Chiropractic + Naturopathic Doctor

Book Review: September 2006

By Julie O’Shaughnessy   


Instant Access to Chiropractic Guidelines and Protocols, 2nd Edition

48Instant Access to Chiropractic Guidelines and Protocols, 2nd Edition
Lew Huff, David M. Brady
Elsevier Mosby, 2005, 442 pages


The principal objective of this book is to guide chiropractors through the clinical decision-making process (including history taking, physical examination, radiographs and other testing) and to help them establish the proper management protocol for their patients.  With the help of 14 contributors, the book was co-authored by two individuals: Lew Huff, DC, is an associate professor at the Texas Chiropractic College and at the University of Texas School of Medicine; David M. Brady, DC, ND, CCN, DACBN, is the director of the Human Nutrition Institute and associate professor at the University of Bridgeport College of Chiropractic and Naturopathic Medicine, a clinical instructor at the Texas Chiropractic College, and also in private practice.

The new edition is quite similar to the first edition, which was published in 1999.  However, the authors have added material on lumbar spinal stenosis and fibromyalgia syndrome (a general overview), an appendix of suggested reading, and references in nutritional, metabolic and botanical medicine, as well as additional information on nutritional and herbal supplements for each different condition.

The book is divided into 10 chapters followed by four appendices.  In it, the authors examine neuromusculoskeletal conditions that chiropractors commonly treat in general practice such as headache, thoracic outlet syndrome, facial and neck pain, low-back pain, and injuries of the extremities. 

It would be beneficial to readers if the authors separated clinical experience from evidence based on scientific literature.

The last chapter covers fibromyalgia syndrome, hypertension, osteoporosis and other related disorders. Appendices A and B outline different nutritional product manufacturers and list contact information for the clinical laboratories, which thus may not be relevant for chiropractors who work outside of the United States.  Appendices C and D note different outcome assessment questionnaires (i.e., Owestry Low Back Pain Disability Questionnaire), and convey a list of suggested reading and references for nutritional, metabolic and botanical medicine, which may be useful for those who are not currently using outcome measures and/or who want to pursue further knowledge in the nutritional field.

Some conditions, such as fibromyalgia syndrome, are well-described and well-referenced, with definitions, algorithms, taxonomy and theory, while the discussion of other conditions could be improved upon.  For example, the different headache conditions could be described according to current accepted guidelines such as The International Classification of Headache Disorders.(1,2) It would be beneficial to readers if the authors separated clinical experience from evidence based on scientific literature.  Moreover, the authors should critique the evidence presented according to the type and level of the various studies, for example case report versus randomized controlled trial (RCT).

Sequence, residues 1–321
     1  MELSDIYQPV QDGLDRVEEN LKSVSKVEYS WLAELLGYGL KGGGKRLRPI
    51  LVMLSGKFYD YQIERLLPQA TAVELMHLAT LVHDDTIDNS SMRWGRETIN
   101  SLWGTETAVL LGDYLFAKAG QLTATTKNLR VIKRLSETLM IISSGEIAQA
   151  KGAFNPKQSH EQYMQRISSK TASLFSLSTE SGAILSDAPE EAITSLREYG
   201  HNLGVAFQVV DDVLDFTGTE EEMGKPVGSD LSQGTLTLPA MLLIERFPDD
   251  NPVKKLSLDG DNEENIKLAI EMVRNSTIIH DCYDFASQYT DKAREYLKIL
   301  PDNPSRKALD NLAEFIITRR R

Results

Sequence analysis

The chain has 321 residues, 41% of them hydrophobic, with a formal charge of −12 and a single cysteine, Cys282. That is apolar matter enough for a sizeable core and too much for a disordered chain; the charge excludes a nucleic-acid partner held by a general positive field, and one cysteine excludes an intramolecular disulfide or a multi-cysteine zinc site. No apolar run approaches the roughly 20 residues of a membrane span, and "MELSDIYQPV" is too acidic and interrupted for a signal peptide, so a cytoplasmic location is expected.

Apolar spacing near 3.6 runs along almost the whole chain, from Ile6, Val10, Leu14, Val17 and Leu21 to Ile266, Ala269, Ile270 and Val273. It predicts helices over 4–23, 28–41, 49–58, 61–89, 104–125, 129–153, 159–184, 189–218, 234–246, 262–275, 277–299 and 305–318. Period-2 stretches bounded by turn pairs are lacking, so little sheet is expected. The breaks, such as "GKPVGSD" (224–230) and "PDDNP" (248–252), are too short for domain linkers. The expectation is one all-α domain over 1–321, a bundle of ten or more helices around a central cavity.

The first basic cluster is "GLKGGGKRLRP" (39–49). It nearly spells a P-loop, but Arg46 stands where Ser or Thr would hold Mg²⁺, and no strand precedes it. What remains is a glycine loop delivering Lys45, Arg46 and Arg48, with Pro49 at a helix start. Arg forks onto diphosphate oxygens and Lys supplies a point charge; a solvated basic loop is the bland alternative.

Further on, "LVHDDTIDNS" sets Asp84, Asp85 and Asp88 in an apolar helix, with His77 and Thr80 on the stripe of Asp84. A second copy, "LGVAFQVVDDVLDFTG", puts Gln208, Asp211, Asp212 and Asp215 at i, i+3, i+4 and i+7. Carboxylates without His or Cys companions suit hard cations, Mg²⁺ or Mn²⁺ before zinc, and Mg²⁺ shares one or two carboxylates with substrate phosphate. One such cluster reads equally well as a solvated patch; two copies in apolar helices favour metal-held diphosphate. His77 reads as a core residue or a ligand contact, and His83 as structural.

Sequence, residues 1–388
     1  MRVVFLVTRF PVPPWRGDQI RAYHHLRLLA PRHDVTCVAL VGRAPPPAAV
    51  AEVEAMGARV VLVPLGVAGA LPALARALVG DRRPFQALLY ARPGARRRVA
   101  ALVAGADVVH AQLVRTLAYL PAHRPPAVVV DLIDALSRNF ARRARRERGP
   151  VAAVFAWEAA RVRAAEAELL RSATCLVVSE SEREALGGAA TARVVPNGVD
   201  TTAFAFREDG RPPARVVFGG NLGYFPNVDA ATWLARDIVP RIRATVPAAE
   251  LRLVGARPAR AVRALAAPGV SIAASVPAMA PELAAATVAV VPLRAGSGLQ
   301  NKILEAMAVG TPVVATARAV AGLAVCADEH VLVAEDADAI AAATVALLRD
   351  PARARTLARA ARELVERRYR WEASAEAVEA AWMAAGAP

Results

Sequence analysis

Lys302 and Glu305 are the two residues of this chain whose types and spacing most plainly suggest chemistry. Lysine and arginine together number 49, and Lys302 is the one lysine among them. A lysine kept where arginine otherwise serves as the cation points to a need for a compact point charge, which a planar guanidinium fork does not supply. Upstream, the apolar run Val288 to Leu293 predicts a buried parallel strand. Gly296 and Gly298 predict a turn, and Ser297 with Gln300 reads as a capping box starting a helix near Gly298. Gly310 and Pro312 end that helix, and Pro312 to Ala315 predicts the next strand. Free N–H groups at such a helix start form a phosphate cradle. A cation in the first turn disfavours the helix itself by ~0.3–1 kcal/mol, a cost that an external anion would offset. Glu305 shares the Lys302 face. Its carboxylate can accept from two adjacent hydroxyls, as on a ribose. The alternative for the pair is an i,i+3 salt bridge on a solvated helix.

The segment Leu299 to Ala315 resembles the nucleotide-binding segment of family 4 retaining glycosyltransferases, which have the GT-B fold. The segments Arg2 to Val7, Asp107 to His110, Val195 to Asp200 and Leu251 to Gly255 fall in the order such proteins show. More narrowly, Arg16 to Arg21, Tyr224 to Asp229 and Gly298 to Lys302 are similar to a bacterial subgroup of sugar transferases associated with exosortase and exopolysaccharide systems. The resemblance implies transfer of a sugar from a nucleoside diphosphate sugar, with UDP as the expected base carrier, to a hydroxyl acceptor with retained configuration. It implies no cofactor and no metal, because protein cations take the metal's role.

Another issue for the reviewer pertains to the description of various procedures that may not be regulated or permitted in certain jurisdictions.  As an example, for a doctor of chiropractic to palpate the piriformis muscle using the rectal or transvaginal method might not be legal in some countries or even some Canadian provinces.

Readers should also consider the risks (adverse reactions, interaction with medication, and cost, etc.) versus benefits that may be associated with herbal and nutritional supplements, especially when these effects are not strongly reported in the literature.  Certain recommendations are referenced from non-peer-reviewed publications such as Dynamic Chiropractic and The Digest of Chiropractic Economics.

This book could be used by students who might not be familiar with some conditions, and chiropractors who search for different approaches in daily practice.  Without providing a cookbook approach for chiropractic care, the authors give an overview of differential diagnoses, different theories on specific conditions, as well as protocols of care.

1. Headache classification subcommittee of the international headache society. The International Classification of Headache Disorders: 2nd Edition, Cephalalgia 2004; 24, supp. 1:9-160.
2. Headache Classification Committee of the International Headache Society. Classification and diagnostic criteria for headache disorders, cranial neuralgias and facial pain. 1st Edition, Cephalalgia 1988; 8 supp. 7:1-96.

Dr. Julie O’Shaughnessy graduated with a degree in chiropractic from
the Université du Québec à Trois-Rivières in 2004.  She is currently a
post-graduate resident in clinical sciences at the Canadian Memorial
Chiropractic College.

Print this page


Stories continue below